The World Health Organization says obesity has more than doubled since 1980, reaching epidemic proportions. Obesity rates among children were increasing faster than among adults in many countries, including Algeria, Turkey and Jordan, the study said. Meanwhile, almost 800 million people, including 300 million children, go to bed hungry each night, according to the United Nations.

Poor diets and sedentary lifestyles were mainly to blame for increasing numbers of overweight people, experts said. Urbanization and economic development have led to increasing obesity rates also in poor countries where part of the population doesn’t have enough to eat, as people ditch traditional, vegetable-rich diets for processed foods.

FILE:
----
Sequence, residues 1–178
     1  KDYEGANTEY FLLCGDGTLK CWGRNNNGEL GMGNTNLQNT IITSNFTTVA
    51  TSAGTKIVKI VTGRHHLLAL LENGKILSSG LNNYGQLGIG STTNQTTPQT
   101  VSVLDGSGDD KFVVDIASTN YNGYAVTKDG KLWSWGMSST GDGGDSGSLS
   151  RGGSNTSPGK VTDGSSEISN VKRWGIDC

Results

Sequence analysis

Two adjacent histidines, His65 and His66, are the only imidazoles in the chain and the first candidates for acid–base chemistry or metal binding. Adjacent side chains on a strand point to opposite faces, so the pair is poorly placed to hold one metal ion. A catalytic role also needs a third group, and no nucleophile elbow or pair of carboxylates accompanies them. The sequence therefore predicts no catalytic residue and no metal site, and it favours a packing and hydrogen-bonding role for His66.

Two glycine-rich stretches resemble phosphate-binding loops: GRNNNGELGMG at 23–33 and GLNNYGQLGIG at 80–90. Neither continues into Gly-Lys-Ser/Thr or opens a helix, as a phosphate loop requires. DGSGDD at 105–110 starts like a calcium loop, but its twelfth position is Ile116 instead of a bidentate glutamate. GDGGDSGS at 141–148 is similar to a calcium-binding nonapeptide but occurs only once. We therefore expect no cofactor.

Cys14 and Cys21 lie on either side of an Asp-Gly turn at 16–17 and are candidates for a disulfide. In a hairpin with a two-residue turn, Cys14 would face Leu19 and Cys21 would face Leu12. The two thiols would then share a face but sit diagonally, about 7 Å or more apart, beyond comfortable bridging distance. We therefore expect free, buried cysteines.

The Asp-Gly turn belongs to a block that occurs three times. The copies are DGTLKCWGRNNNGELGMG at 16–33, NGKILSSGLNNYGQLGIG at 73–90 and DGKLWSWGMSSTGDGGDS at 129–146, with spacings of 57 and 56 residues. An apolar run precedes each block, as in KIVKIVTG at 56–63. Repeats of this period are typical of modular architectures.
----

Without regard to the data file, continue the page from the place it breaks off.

“People are consuming more and more processed foods that are high in sugar and fat and exercising less,” said Boitshepo Bibi Giyose, senior nutrition officer at the U.N. Food and Agriculture Organization. Research in Mexico, Brazil, China, South Korea and Britain by London-based Overseas Development Institute has shown that the cost of processed foods like ice cream, hamburgers, chips and chocolate has fallen since 1990, while the cost of fresh fruit and vegetables has gone up.

Retail Mannequins Skewer Body Types

A University of Liverpool study finds that the average female mannequin used to display clothing at British fast fashion stores closely mirrors the body type of a severely underweight woman, which can have serious implications on public perceptions of “ideal” body types.

mannequinsResearchers looked at 17 fashion retailers across two British cities and assessed the body size of male and female mannequins, rating each figure on two scales: one based on body mass index (BMI), and the other on visual perception. (Because brands didn’t let them inspect the figures directly, the team had to rely on solely visuals to carry out their research, BBC reported.)